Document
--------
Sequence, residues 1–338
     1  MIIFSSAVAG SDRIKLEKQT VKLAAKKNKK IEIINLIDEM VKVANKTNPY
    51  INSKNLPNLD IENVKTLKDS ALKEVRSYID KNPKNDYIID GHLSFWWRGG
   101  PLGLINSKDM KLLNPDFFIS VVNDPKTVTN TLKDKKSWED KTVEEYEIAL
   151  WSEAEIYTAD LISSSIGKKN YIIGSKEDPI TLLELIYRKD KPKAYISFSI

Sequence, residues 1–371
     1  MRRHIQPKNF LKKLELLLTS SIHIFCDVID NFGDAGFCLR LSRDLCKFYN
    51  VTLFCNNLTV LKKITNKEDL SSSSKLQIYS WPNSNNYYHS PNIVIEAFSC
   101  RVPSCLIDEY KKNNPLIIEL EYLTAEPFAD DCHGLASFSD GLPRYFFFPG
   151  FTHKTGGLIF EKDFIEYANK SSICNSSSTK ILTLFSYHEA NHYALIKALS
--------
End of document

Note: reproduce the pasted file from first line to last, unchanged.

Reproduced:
Sequence, residues 1–338
     1  MIIFSSAVAG SDRIKLEKQT VKLAAKKNKK IEIINLIDEM VKVANKTNPY
    51  INSKNLPNLD IENVKTLKDS ALKEVRSYID KNPKNDYIID GHLSFWWRGG
   101  PLGLINSKDM KLLNPDFFIS VVNDPKTVTN TLKDKKSWED KTVEEYEIAL
   151  WSEAEIYTAD LISSSIGKKN YIIGSKEDPI TLLELIYRKD KPKAYISFSI

Sequence, residues 1–371
     1  MRRHIQPKNF LKKLELLLTS SIHIFCDVID NFGDAGFCLR LSRDLCKFYN
    51  VTLFCNNLTV LKKITNKEDL SSSSKLQIYS WPNSNNYYHS PNIVIEAFSC
   101  RVPSCLIDEY KKNNPLIIEL EYLTAEPFAD DCHGLASFSD GLPRYFFFPG
   151  FTHKTGGLIF EKDFIEYANK SSICNSSSTK ILTLFSYHEA NHYALIKALS